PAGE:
Biomass Energy: Renewable, But Not Green

Last summer, the White House acknowledged that biomass-generated energy is not carbon neutral. This recognition, however, didn’t stop Congress from affirming the environmental benefits of using biomass-generated energy. In fact, the congressional action put biomass in the same renewable category as wind and solar.

Though renewable energy has been lauded as clean and the answer to the threat of climate change, not all renewable energy is actually “green.”  Biomass has historically been considered a carbon-neutral energy source, meaning carbon emitted and carbon removed from the atmosphere are essentially balanced. It is presumed that the carbon captured in trees is the same as carbon released through combustion. But increasingly, research into these claims has shown otherwise.

Studies from the Massachusetts Environmental Energy Alliance found that biomass combustion (burning) produces 1.5 times more CO2 than fossil fuels on a per unit basis. But biomass energy producers are held to different standards than are fossil fuel producers. The Partnership for Policy Integrity notes that under the Clean Air Act biomass power plants can emit 250 percent the pollution of a coal plant before permits are required, even though these sources emit many of the same toxins.

This reality is compounded because combustion rules are broad and unclear, allowing bioenergy plants to burn anything that is “designed” to burn. They are legally allowed to burn anything from tires and plastic, to construction debris and garbage. Furthermore, biomass generators are not required to use the advanced pollution reduction technologies that have been required of other industries.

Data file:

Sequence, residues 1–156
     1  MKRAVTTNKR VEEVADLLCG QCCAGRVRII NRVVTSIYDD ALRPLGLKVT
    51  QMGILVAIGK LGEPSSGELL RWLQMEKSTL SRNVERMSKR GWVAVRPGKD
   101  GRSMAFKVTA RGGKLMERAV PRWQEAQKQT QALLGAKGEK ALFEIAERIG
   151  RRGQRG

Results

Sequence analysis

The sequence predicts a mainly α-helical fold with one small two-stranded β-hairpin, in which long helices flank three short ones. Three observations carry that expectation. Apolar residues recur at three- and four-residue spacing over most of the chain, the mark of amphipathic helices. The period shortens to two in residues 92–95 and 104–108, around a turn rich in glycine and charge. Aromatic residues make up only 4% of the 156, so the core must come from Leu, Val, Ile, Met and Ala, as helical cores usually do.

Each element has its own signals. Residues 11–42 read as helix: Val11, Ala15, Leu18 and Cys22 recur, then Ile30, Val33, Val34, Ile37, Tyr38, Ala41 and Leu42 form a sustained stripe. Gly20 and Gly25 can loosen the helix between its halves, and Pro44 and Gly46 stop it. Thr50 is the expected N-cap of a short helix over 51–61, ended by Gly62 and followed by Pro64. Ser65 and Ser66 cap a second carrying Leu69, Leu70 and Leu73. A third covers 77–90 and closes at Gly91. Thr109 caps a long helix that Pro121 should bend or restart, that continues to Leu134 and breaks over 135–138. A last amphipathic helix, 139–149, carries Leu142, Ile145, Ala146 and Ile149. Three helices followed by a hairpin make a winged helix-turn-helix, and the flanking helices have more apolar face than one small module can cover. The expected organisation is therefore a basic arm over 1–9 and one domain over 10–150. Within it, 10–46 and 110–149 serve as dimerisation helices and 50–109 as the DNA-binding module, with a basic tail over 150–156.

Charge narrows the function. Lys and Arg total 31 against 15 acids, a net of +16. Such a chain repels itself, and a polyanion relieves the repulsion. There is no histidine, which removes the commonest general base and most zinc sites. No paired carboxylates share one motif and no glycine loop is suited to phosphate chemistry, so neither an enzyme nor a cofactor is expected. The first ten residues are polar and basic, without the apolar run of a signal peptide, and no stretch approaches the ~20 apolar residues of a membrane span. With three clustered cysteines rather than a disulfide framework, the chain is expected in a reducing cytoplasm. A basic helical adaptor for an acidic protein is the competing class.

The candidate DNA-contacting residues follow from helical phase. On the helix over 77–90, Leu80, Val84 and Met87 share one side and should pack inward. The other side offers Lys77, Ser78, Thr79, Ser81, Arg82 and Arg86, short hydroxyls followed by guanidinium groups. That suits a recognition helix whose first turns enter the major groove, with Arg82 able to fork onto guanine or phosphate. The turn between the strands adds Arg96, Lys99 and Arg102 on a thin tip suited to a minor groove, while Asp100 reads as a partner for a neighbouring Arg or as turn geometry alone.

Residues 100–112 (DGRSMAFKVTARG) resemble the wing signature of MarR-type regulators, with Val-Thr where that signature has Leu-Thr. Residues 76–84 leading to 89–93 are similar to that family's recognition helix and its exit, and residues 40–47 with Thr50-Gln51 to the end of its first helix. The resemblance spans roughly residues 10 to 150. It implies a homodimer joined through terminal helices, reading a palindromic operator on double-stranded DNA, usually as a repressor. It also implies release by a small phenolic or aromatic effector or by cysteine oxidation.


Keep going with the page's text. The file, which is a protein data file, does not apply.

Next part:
But this is only one part of the story, the Maximum Achievable Control Technology (MACT), which creates emission standards for plants, allows a facility that burns at least 10 percent biomass to be considered a biomass plant. This broad rule means that “biomass plants” can be burning 90% coal but with less stringent emissions standards than an actual coal plant. Producers are likely to use this to their advantage, because waste fuels like chemically contaminated wood and garbage, burn at hotter temperatures and produce more energy than trees and other forest greens. This, in addition to biomass plants getting paid to pick up waste, creates a large incentive for biomass plants to burn waste.

“Biomass” is ill-defined and overly broad. Virtually anything can be lumped into that category to be considered green energy, even if tons of air pollutants are produced every year.

The reality is that biomass may be renewable, but it is not environmentally friendly. Congress continuously creates legislation contrary to facts about biomass carbon emissions that are, by now, well-established in the energy industry.

Though the White House rightly rejects carbon neutrality in biomass, Congress appeals to powerful interest groups, ignores pertinent research, and passes laws that go against environmental protection. This is just one case among many where Congress has carved out pollution exemptions for special interest groups under the Clean Air or Water Acts. Methane emissions from livestock aren’t allowed to be tracked, toxic chemicals from fracking are exempted from the Clean Water Act, and biomass plants can emit 2.5 times as much CO2 as other energy sources.

The point of the Clean Air Act is “to protect and enhance the quality of the Nation’s air resources so as to promote the public health and welfare and the productive capacity of its population,” but the influence of special interests turns environmental decisions into political ones to the detriment of the environment.

Kelli Reeder is a communications associate at Strata, a research center in Logan, Utah. Ryan Yonk, Ph.D. is an assistant professor of research at Utah State University.


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